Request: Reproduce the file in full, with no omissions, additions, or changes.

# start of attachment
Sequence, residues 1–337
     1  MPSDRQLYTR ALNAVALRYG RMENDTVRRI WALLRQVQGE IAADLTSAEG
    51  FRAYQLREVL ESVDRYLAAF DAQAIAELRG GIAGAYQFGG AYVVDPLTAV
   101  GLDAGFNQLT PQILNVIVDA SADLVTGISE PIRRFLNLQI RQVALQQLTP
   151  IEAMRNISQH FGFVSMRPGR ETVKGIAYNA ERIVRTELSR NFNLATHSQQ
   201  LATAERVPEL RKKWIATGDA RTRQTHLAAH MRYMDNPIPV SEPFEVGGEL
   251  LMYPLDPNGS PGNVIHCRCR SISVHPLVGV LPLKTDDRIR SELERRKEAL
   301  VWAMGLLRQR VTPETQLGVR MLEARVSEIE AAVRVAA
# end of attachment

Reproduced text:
Sequence, residues 1–337
     1  MPSDRQLYTR ALNAVALRYG RMENDTVRRI WALLRQVQGE IAADLTSAEG
    51  FRAYQLREVL ESVDRYLAAF DAQAIAELRG GIAGAYQFGG AYVVDPLTAV
   101  GLDAGFNQLT PQILNVIVDA SADLVTGISE PIRRFLNLQI RQVALQQLTP
   151  IEAMRNISQH FGFVSMRPGR ETVKGIAYNA ERIVRTELSR NFNLATHSQQ
   201  LATAERVPEL RKKWIATGDA RTRQTHLAAH MRYMDNPIPV SEPFEVGGEL
   251  LMYPLDPNGS PGNVIHCRCR SISVHPLVGV LPLKTDDRIR SELERRKEAL
   301  VWAMGLLRQR VTPETQLGVR MLEARVSEIE AAVRVAA